A couple years back, I wrote a gamepad input system for Gamemaker Studio that extends the functionality of gamepads with simple commands, allowing you to check things like thrusting on the analogue stick, double tapping,  mapping gamepads to players, etc. With every new project I attempt, I import my lofty stack of gamepad scripts, and each project seems to demand something more of the input, requiring me to add new gamepad scripts ontop of my old ones. Over time, the number of gamepad scripts slowly increases, and now with my current project, I have my whole library of scripts neatly organized allowing me to detect just about anything I’d need from gamepads. I coded it be reusable, so I literally just have to drop it into my project, call an initialization script, and it’s good to go!

But that’s not the extent of code I reuse from old projects – oh no, not by a longshot. Things from mathematical functions (like figuring bezier curves, I mean, who wants to write all that math twice?), my realtime trail generation system,  camera system, even collision code! Over a decade of programming in GMS has allowed me to build a library of my own personal scripts I’ve written, and anytime I need one, I can easily import it and make any necessary changes. It’s an incredible timesaver and allows the prototyping phase to sometimes run at blazing speeds!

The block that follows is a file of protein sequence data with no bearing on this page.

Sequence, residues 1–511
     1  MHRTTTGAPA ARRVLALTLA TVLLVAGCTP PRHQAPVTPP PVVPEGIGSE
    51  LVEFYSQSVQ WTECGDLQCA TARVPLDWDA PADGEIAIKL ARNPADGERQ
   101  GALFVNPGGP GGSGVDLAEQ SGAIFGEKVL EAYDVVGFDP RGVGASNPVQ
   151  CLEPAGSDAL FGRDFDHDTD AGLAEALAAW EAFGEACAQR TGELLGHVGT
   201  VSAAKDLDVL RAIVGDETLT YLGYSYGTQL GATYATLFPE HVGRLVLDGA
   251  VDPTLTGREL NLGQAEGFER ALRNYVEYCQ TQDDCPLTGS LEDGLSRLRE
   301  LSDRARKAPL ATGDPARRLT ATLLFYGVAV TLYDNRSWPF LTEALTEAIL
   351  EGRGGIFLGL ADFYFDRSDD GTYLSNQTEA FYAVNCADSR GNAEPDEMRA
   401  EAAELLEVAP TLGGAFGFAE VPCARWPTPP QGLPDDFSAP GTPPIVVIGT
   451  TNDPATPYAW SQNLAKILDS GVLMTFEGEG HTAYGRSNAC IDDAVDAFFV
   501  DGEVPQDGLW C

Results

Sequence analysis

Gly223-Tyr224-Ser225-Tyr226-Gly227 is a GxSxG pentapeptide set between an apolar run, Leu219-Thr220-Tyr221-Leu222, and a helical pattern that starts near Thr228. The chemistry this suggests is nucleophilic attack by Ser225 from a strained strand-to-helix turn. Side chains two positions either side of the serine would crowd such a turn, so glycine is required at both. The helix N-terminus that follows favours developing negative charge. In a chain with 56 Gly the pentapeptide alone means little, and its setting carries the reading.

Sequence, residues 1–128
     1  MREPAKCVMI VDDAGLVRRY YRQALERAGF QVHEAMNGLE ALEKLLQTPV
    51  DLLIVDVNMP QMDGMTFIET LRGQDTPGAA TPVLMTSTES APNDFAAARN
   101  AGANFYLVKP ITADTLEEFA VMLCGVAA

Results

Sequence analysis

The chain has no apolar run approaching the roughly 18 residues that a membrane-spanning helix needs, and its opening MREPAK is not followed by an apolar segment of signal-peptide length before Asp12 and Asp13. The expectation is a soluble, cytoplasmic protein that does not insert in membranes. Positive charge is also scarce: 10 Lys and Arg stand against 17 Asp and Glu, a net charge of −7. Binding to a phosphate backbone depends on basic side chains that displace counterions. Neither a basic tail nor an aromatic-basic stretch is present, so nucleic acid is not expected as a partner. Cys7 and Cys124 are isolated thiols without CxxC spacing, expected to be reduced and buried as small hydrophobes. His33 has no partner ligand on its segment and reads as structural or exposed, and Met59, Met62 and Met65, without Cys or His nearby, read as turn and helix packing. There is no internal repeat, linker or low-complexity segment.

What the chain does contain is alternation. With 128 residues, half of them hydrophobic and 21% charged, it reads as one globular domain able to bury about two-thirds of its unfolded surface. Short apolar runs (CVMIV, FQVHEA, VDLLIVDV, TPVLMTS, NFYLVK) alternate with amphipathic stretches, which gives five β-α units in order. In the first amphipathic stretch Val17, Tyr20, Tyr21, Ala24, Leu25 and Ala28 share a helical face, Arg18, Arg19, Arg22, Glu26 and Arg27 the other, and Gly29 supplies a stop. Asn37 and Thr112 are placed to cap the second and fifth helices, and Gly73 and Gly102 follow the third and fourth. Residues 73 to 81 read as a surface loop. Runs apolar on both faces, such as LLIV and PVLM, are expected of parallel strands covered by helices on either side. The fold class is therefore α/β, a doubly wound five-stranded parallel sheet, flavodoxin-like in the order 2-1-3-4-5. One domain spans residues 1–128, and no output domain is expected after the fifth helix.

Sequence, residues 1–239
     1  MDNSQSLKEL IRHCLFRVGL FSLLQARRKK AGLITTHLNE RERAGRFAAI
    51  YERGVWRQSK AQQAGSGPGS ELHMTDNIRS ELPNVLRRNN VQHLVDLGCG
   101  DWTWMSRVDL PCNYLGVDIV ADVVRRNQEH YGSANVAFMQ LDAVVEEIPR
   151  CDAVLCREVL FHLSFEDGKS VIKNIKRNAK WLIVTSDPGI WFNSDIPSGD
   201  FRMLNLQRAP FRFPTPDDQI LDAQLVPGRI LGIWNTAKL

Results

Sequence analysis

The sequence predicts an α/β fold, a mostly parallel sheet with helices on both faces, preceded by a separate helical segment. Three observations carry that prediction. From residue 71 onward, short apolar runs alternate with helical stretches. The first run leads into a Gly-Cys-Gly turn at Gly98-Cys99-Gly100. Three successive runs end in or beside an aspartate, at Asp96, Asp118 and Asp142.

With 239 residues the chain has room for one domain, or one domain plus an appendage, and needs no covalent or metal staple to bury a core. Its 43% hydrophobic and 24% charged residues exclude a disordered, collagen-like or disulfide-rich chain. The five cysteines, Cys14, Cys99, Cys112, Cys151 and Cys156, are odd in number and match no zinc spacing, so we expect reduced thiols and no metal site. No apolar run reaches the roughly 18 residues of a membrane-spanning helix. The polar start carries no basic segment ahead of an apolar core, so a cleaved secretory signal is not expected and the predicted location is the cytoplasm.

It’s more than code though. I often find myself reusing other assets as well, such as sound effects, studying animation from my old characters as a reference for animating my new characters, maybe how I designed the movement of the player or an enemy, artwork, logos, databases, etc. In so many cases, I find myself saying, “Oh wait, I’ve done something similar to this before! Let me refer back to it, it’ll be a good reference instead of trying to figure it out again from square one.”

So all those old projects, that old code, those old sprites, that long list of old sound effects, all those old assets… you know, the ones you spent hours creating but eventually scrapped because the project wasn’t getting anywhere? Take advantage of having created it in the first place and understand that everything you create is practice, a learning experience to improve your skills, so absolutely no project is a waste of time. Reuse, rinse, wash, and repeat!

A quick note though – NEVER reuse code or assets from freelance work or paid projects. You’re usually under a contract and thus legally obligated to hand over ownership of your code to the project/project creator. BUT, this doesn’t mean that you still can’t learn throughout the process! Ciao!